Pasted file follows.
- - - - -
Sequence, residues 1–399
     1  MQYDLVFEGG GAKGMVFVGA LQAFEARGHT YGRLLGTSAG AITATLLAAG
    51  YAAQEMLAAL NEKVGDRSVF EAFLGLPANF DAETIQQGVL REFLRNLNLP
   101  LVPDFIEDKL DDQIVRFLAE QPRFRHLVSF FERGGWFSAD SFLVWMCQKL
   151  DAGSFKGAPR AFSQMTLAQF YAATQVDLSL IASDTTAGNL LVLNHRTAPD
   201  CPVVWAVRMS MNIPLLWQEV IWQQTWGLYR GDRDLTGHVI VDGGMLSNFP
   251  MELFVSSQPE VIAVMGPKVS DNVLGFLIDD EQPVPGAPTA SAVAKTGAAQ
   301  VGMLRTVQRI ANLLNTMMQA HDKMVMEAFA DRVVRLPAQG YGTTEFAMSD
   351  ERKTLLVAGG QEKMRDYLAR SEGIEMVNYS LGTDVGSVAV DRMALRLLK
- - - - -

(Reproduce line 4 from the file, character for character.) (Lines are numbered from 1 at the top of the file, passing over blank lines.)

   101  LVPDFIEDKL DDQIVRFLAE QPRFRHLVSF FERGGWFSAD SFLVWMCQKL